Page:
With perfectionism, no matter how hard you work, it never feels good enough. You take the picture as a whole, so even though you are working in the kitchen, you are also thinking about the mess in the basement, and the closets, and under the beds.
As soon as you make progress you feel good about in one area, someone messes it up, which is really frustrating! As a result, eventually you give up and don’t try at all, because you just can’t deal with the fact that, try as you might, it never feels finished.
2. Trouble setting boundaries
You set your boundaries. For example:
- Eat only in the kitchen
- No food in the car
- No accepting bags full of hand-me-downs
- Saturday is “Clean and wash the car” day
But these “rules” only last for a few days or weeks, and as soon life gets busy, they get thrown out the window.
Or you have trouble saying no to others when they make requests of you. This causes your schedule to be too full, which makes it difficult to keep up with your home, and to keep the other boundaries you’ve set.
You change things up frequently, which makes it impossible to establish routines. You start a system, it works okay, and then it fizzles out and you create a new one. Or you work really hard on a project, then give up before it’s finished, and move on to another one.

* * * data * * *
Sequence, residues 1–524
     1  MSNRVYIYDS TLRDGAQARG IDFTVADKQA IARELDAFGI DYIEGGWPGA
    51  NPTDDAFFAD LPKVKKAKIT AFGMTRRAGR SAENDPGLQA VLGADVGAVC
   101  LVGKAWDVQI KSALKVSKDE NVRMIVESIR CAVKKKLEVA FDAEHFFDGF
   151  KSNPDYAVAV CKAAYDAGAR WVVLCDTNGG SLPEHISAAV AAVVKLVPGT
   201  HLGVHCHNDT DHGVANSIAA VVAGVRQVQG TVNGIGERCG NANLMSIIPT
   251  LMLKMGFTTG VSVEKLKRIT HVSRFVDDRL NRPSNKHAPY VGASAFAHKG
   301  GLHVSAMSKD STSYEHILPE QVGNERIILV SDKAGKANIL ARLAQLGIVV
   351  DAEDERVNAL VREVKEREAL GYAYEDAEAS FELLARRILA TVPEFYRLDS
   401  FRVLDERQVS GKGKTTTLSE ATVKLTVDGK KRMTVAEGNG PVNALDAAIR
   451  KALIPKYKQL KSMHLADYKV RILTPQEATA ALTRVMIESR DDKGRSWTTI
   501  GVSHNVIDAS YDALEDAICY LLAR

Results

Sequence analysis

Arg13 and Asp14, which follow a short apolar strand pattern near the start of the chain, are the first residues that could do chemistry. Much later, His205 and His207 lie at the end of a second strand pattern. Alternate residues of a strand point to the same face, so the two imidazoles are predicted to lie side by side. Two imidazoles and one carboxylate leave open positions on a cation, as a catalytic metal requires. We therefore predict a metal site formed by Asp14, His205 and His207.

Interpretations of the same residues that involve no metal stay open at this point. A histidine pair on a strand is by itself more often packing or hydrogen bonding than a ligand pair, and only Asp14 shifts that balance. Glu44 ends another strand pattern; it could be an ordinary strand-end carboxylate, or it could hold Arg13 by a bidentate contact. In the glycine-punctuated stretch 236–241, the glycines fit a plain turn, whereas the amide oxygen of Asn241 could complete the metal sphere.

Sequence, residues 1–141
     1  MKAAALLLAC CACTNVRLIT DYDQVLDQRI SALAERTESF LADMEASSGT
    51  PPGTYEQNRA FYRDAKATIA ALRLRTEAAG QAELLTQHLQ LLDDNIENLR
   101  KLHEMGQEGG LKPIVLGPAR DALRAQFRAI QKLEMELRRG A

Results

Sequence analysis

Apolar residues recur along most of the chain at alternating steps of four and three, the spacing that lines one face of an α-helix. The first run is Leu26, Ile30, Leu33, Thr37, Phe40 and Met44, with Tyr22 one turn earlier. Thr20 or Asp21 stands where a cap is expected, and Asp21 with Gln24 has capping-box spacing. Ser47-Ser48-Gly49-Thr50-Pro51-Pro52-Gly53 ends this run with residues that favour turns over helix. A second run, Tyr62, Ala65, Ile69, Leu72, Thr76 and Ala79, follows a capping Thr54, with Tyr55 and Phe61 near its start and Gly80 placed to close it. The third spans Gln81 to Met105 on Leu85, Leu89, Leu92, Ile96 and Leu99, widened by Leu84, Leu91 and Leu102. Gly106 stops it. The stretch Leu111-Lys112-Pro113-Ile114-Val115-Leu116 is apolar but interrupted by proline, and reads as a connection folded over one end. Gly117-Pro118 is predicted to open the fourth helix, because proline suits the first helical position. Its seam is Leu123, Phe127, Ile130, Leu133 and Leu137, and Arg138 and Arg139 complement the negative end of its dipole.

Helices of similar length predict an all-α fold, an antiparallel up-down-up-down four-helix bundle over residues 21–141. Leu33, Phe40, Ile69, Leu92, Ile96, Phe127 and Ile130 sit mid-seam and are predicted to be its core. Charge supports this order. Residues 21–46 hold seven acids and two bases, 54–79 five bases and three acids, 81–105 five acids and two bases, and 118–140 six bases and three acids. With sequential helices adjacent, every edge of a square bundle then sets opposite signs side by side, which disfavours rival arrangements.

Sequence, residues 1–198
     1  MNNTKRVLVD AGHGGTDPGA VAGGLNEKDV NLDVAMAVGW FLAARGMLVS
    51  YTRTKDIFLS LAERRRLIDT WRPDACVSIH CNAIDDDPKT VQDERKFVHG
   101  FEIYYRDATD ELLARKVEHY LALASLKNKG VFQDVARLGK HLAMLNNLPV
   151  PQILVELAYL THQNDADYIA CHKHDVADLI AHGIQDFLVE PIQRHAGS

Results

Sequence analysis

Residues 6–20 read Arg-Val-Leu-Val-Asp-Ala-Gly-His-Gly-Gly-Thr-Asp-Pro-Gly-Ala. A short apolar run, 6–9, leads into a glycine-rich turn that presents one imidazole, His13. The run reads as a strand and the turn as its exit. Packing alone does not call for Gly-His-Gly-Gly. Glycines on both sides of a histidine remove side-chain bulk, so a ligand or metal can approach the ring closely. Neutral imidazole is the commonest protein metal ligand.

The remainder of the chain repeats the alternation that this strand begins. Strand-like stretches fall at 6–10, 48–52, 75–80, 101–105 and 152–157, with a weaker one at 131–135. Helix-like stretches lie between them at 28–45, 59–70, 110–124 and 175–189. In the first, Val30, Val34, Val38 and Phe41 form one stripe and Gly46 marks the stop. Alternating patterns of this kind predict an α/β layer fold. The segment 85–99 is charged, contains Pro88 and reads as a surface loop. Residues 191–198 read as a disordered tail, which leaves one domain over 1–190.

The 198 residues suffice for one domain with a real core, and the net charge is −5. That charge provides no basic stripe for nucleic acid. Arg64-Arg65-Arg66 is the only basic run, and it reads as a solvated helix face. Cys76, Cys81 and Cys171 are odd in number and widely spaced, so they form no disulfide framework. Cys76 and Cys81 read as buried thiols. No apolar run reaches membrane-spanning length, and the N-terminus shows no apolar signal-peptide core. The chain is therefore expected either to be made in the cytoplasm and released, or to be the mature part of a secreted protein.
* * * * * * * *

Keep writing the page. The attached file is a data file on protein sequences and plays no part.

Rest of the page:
You know what you need to do, but for some reason, you avoid doing it.
For example, keeping the dishes washed, dried, and put away is the most important chore to complete to feel good about your home each day, but you save it for last. Instead, you do something counterproductive first, such as sorting bins of Legos by color.
5. Lack of focus
Instead of cleaning one drawer, or one room, or one area, you flit around the house doing a little bit here, and a little bit there.
The result: you don’t have anything concrete to show for your efforts.
Often indecision is the reason we have boxes and bins full of items sitting around for far too long. Instead of taking items right to the car for donation, we hold on to them because we can’t decide.